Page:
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Crack cache in Caribbean restaurant’s cooking pots

09:32 07 August 2014

Hackney Council tweeted the photo showing police and council officers officially temporarily closing the takeaway.

Hackney Council tweeted the photo showing police and council officers officially temporarily closing the takeaway.

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Wraps of crack cocaine and cannabis were found stashed away in cooking pots containing food and bins at a Caribbean restaurant in Dalston.

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Wraps of crack cocaine and cannabis were found stashed away in cooking pots containing food and bins at a Caribbean restaurant in Dalston.

Police say they discovered the Class A and B drugs at Casablanca in Sandringham Road, Dalston, after they obtained a search warrant last month.

The takeaway, which has been causing “years of misery for neighbours” according to Hackney Council, was ordered to close until November on Monday at Thames Magistrates Court.

Neighbours of the restaurant have reported anti-social behaviour taking place in and around the club, including people dealing class A drugs and cannabis at the premises and noise from a night club that was operating from its basement.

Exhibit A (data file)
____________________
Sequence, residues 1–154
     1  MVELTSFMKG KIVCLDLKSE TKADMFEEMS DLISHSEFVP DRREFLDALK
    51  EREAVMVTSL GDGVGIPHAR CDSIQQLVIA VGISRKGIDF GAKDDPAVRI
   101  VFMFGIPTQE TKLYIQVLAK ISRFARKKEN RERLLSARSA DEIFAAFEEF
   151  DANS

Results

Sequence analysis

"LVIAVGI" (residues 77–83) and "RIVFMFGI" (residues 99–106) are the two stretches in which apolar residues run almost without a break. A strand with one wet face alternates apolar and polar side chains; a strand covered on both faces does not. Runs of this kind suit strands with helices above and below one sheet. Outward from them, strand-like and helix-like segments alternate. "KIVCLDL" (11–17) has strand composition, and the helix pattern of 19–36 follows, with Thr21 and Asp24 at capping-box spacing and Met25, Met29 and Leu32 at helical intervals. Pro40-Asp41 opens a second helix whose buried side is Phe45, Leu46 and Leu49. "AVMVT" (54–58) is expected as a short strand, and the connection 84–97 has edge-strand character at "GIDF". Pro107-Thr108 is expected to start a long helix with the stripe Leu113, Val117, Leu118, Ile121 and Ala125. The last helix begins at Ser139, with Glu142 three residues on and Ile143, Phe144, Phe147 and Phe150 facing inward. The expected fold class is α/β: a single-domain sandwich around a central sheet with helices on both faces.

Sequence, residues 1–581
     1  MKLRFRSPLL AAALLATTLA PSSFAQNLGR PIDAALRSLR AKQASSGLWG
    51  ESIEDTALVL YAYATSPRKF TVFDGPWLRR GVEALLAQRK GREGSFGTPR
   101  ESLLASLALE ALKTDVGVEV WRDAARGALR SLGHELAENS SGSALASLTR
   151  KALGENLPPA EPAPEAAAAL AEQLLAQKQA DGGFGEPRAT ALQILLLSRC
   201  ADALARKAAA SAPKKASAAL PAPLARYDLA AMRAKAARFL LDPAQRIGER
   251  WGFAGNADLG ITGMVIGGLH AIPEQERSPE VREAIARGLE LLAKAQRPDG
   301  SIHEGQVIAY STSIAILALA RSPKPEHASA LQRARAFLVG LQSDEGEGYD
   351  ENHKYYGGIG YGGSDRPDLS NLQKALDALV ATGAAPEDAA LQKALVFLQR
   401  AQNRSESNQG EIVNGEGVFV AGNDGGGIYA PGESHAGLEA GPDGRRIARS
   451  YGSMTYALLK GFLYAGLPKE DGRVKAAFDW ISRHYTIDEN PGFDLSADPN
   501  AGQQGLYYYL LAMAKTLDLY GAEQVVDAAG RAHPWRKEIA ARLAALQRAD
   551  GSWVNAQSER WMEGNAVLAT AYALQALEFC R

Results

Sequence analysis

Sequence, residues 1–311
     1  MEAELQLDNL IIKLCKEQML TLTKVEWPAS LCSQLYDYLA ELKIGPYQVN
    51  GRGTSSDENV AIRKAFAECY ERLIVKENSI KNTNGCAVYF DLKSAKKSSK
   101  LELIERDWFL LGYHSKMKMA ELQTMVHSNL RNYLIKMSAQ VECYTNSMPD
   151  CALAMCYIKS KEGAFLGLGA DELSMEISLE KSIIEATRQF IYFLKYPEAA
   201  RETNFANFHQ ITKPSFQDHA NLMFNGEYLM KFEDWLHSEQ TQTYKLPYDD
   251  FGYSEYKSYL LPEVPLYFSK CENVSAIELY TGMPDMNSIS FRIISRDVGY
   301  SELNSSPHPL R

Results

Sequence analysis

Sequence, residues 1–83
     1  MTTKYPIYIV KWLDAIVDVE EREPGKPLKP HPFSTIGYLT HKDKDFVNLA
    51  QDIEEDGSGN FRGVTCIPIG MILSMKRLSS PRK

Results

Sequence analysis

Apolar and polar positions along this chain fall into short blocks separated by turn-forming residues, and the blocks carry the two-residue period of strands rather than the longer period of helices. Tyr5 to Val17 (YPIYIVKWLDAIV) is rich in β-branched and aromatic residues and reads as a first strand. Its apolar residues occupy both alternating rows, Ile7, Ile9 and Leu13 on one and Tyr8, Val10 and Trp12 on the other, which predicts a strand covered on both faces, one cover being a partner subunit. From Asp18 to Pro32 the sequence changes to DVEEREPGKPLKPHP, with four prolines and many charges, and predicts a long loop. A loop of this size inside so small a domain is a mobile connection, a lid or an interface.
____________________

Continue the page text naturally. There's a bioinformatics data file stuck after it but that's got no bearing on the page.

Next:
In response to these concerns, the council and police executed a warrant on July 10, when three people were arrested, two on unrelated matters, and a third for possession with intent to supply under the Proceeds of Crime Act, as drugs were allegedly found on him.

The premises closure order will stay in place until November 4.

The property has now been secured and anyone trying to gain access during the closure period will be in breach of the order, and could be fined up to £5,000 and risk up to six months imprisonment.

A review of the restaurant’s licence is expected to take place today at Hackney Town Hall.

Amanda Eva, from the Met’s licensing unit, in a report for the licensing committee, said: “On July 10 a drugs warrant was executed at the location. Found on the premises within cooking pots containing food and bins were approximately 40 individual wraps believed to be crack cocaine and approximately 10 or 11 self-sealed bags of herbal cannabis.”

A letter sent from the council to Casablanca’s licence holders, Eric and Doreen Cameron, who have held a licence for the premises for eight years, read: “The sub-committee has been persuaded by the police’s contention that the suspension of the licence is necessary to prevent the real risk of serious crime and/or disorder being attracted to the premises and to allow time for an unimpeded investigation of the uncontested presence of drugs within the kitchen and basement area.”

The restaurant was also found to have breached its licence by allowing 27 patrons on the premises during the incident, exceeding the limit of 20.

The Gazette attempted to contact the restaurant for a comment but had no response.

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